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Bio-based products in action for the plastic industry

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Date of publication :
August 2014
Updated on April 2016

In the framework of a sustainable development, bio-based products are on the rise! In 2010 the European market volume for bio-based products represented € 28 billion, this amount would reach € 57 billion in 2020 (source: European Commision, 2013).


A product is qualified as bio-based when its origin - partial or total - is vegetable (eg crops, wood, algae) or animal (eg fats). Distinguished by their origin, these products now cover a wide range of applications.

This report, focused on products of plant origin, shows examples of applications suitable for the plastic industry. These products feature following advantages:

  • new properties (physical and chemical characteristics, end of life, etc.),
  • to vary the supply,
  • to reduce environmental footprint.



A wide range of polymers

study made by European Bioplastics and the Institute for Bioplastics and Biocomposites (IfBB, University of Hannover) estimates the worldwide market of bioplastics* in 2011 to 1.2 million tonnes. Market data from this study forecasts production capacities will multiply by 2017 – to more than 6 million tonnes.

* The term "bioplastic" groups bio-based and/or biodegradable plastics.
  This study only focuses on thermoplastics.


Bio-based polymers include thermoplastic and thermoset resins:

  • saturated polyesters (PET, PLA, PHA, PHB, PBS, cellulose acetate),
  • polyamides,
  • polyolefines (especially polyethylene),
  • starch blends,
  • unsaturated polyesters,
  • epoxy resins,
  • aromatic polymers.

In 2017, the previously mentionned study classes bio-based thermoplastic polymers in the following order in terms of production volume: 1# bio-PET, 2# PLA, 3# bio-PE, 4# Biodegradable polyesters, 5# Mix starch, 6# PHA & PA.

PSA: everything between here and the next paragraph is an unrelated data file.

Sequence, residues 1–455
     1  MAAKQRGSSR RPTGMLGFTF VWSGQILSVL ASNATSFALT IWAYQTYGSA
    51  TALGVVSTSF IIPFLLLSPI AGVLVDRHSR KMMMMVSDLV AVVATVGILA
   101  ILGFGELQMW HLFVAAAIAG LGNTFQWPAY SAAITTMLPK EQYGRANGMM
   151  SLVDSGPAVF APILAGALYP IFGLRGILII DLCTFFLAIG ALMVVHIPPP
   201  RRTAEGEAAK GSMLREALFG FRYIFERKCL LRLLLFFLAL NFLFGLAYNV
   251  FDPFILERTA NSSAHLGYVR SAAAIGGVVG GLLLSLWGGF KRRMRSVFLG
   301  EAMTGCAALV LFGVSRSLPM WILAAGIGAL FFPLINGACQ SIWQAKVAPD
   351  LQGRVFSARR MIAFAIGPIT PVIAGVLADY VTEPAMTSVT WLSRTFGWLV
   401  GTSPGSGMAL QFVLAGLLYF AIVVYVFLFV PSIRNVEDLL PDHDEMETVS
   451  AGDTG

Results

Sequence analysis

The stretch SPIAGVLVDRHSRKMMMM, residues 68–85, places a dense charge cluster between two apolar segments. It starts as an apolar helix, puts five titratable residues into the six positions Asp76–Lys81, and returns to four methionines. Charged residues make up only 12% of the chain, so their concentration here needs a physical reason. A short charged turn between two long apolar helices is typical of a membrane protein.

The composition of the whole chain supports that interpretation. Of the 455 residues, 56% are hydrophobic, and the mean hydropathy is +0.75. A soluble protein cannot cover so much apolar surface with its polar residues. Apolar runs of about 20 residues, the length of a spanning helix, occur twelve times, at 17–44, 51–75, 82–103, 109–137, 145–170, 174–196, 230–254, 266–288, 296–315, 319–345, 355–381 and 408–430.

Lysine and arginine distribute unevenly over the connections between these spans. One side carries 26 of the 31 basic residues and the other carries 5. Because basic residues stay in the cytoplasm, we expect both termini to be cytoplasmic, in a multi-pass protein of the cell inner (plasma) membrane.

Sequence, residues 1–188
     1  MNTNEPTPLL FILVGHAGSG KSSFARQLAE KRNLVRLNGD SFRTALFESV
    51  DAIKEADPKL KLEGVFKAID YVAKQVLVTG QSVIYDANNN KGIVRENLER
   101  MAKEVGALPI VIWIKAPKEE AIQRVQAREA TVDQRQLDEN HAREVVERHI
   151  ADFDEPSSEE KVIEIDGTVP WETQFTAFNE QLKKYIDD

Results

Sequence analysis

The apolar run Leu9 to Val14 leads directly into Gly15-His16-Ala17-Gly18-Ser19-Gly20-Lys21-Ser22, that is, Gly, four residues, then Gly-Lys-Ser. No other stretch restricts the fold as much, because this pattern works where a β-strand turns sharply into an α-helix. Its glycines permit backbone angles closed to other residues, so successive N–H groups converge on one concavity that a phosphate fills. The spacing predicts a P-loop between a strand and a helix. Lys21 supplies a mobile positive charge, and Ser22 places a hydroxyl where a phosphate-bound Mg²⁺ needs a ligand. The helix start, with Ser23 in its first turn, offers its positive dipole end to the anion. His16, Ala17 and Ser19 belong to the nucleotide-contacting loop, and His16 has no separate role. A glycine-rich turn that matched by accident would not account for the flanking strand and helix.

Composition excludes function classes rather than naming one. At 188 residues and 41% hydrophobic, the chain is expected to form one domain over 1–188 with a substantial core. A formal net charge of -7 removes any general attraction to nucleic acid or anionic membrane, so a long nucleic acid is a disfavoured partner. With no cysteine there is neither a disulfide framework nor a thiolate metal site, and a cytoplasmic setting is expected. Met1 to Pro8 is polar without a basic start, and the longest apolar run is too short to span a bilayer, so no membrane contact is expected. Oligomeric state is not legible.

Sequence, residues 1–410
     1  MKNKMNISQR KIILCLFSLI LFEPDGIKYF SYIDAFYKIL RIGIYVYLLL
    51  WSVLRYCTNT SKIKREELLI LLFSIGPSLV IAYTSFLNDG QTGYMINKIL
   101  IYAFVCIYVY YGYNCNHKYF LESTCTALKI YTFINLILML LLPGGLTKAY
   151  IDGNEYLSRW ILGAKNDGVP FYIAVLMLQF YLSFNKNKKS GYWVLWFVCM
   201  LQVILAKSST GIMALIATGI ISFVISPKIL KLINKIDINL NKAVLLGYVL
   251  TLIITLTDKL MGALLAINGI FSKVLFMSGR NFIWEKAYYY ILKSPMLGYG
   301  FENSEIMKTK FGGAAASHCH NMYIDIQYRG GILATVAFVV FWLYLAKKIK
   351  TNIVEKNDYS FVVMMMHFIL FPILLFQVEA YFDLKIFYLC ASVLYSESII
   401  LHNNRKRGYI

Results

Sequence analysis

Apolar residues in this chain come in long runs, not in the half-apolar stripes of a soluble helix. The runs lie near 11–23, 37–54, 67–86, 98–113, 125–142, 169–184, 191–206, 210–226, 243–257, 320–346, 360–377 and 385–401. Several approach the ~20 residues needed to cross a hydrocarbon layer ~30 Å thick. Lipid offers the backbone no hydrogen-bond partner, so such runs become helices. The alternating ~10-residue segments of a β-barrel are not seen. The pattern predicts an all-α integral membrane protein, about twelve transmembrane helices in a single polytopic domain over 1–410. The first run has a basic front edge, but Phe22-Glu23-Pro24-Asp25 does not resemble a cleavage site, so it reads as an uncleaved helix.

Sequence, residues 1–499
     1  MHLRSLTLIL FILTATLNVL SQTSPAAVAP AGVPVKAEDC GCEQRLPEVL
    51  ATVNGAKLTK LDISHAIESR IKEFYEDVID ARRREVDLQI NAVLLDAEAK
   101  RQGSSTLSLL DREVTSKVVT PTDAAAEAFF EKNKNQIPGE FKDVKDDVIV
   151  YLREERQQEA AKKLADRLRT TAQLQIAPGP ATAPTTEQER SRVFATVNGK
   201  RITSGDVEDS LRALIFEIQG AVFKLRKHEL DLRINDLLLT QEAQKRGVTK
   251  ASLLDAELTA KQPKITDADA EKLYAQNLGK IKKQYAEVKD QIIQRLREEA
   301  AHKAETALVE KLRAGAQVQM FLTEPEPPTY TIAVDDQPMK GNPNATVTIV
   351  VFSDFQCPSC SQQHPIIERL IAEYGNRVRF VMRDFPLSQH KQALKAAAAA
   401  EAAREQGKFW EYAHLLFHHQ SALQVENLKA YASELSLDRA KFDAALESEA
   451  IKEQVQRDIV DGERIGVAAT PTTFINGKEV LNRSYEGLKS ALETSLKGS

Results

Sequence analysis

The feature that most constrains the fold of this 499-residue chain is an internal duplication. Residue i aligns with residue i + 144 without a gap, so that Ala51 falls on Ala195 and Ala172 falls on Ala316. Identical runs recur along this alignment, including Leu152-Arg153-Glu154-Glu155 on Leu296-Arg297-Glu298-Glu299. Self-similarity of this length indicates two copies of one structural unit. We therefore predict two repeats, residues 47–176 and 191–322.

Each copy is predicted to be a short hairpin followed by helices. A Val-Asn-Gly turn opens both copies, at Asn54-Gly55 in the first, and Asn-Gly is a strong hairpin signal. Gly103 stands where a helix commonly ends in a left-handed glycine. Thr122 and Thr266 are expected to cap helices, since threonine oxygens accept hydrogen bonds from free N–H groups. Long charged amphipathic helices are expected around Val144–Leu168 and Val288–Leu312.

Bio-based resins can be used in a wide variety of applications, with more or less demanding specifications: from automotive to packaging, from electronics to consumer goods, etc.

The study indicates that in 2012, the packaging industry was the most important user of thermoplastic bioplastics, followed by the automotive and electronic sectors.


Examples of products





Unsatured polyester





Each resins can have one or more ends of life:

  • recycling (in existing channels),
  • compost (industrial and/or household),
  • soil degradation,
  • water degradation,
  • methanation (anaerobic digestion).


Examples of products





Possible ends of life: compost, soil or water degradation , methanation


Possible ends of life:  biodegradable and compostable according to EN 13432, recyclable



Discover all offered resins registered on the website Agrobiobase.


Chemical intermediates for resins and additives

Among bio-based intermediates, there are chemicals used for the synthesis of resins and those used for the production of additives.

For example, epichlorohydrin is used for synthesis of epoxy resins, 1,3-propanediol for the manufacture of PTT (polytrimethylene terephthalate), succinic acid to obtain PBS (polybutylene succinate).

Several plant-based intermediates exist today for the production of polyurethanes: polyols, isocyanates, succinic acid, isosorbide.

Bio-based chemicals are also available for the synthesis of additives for plastic implementation (eg plasticizer).


Examples of products





Intermediate to produce light stabilizers



Discover all offered chemical intermediates.


Plant-based additives for plastic processes

Suppliers offer bio-based processing aids to implement plastics (petro-based or bio-based), like plasticizers, release agents, corrosion inhibitors, etc.


Examples of products







Discover all offered addtives.


Reinforcement made from natural fibres